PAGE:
And it could well be that some authors are simply out of their depth, and/or contemptuous of their subject matter and their readership. But they have a job to do filling up blank space with text and illustrations, so they fill it up with text and illustrations. Job done.

In any case, be wary. Publication is no guarantee of veracity in technical books and magazines. There's a lot of insubstantial, misleading 'information' that gets printed and bound between covers. It's an unfortunate irony that the target market for such tripe is precisely those who genuinely want to learn.

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Note -- SATURDAY, MARCH 21, 2015:

[1] I've acquired a camera since. Here's a photograph of the subject photograph:

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Saturday, February 13, 2010

Gas Furnace Thermocouples

I'll begin this post with its conclusion:

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If you have a gas furnace with pilot light ignition, a good thing to have on hand is a spare thermocouple (the pilot light sensor). That's what this whole thing boils down to.

If you care to read on, here's my pilot light story.

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On Tuesday last, I got a phone call at work from home; it seemed that the furnace wasn't coming on. I dropped everything and drove home.

The pilot light was out. I lit it and let the furnace run to warm the place up. I switched off the furnace before it was entirely done and let it sit. After a few minutes, I checked on it and the pilot light had gone out again -- not a good sign. I lit it again and started sizing up the situation. Calling in a serviceman was an option I'd rather not have had to exercise. I didn't want to hear, "Ya need a new furnace or ye're all gonna die! I've got one on the truck. $3,000.00 installed -- they're on special this week."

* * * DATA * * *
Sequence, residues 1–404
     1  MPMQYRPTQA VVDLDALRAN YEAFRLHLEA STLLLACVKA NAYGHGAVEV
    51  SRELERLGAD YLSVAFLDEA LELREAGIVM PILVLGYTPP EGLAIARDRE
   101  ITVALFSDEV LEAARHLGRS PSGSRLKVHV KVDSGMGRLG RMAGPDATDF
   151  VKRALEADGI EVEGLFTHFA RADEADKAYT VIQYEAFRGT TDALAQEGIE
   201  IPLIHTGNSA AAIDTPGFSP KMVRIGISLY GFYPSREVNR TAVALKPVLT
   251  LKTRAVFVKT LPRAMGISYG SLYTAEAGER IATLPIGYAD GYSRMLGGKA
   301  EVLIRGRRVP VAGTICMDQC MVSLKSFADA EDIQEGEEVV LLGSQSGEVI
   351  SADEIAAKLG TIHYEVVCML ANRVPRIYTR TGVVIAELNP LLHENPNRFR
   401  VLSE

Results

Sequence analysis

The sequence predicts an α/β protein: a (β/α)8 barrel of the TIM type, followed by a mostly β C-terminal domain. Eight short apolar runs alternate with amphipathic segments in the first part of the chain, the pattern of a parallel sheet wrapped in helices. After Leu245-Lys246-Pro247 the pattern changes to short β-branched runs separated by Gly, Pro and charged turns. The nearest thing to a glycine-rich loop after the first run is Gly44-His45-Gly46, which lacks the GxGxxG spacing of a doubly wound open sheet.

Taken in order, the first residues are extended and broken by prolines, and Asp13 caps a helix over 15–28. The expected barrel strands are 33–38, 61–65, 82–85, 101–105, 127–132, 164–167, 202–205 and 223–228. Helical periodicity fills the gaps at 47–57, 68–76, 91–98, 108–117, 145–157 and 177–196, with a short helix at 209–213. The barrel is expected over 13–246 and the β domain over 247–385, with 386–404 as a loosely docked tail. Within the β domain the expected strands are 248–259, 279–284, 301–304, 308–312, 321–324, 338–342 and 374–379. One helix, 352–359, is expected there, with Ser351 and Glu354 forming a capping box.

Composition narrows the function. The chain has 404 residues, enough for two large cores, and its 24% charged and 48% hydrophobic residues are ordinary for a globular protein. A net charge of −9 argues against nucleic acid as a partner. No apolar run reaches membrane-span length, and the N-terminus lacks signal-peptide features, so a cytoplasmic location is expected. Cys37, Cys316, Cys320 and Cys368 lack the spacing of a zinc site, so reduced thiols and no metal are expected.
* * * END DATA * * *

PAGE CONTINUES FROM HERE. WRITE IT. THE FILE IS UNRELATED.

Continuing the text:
The pilot light burned nicely whenever I'd relight it; a healthy little blue flame, not anemic or sputtery. That suggested a thermocouple fault. I noticed there was a screw on the valve body labelled "PILOT ADJ." The visible screw turned out to be just a cap over a little well with the actual adjustment screw down inside it. Here's a close-up of the gas valve -- you can see the location of the adjustment screw's cap.

I removed the cap and tweaked the little screw down inside to make the pilot light flame bigger, and that worked -- and continued to work for the rest of the week.

On Wednesday, I found a furnace parts dealer right near where I work. I went there and they had what I needed. They only carried a single Honeywell universal thermocouple, so it appeared that furnace thermocouples are a highly standardized item, which suited me fine. (The item is a Honeywell Model Q340A 1439, 36" universal 30 millivolt output thermocouple; about $20.00 list price.) Here's a view of what I got in its blister-pack.

On the rear of the package card, there are drawings of three possible mounting arrangements.

My furnace has the arrangement shown at the left in the above photo. I could have used the existing receptacle, but I thought it best to replace it with the new one. The receptacle has a 1/2" A/F hex on it. The valve control end has a threaded collar with a 3/8" A/F hex.

Here's an overall view of the installation.

And here's a close-up of of where the thermocouple resides alongside the pilot light's fuel delivery tube and jet.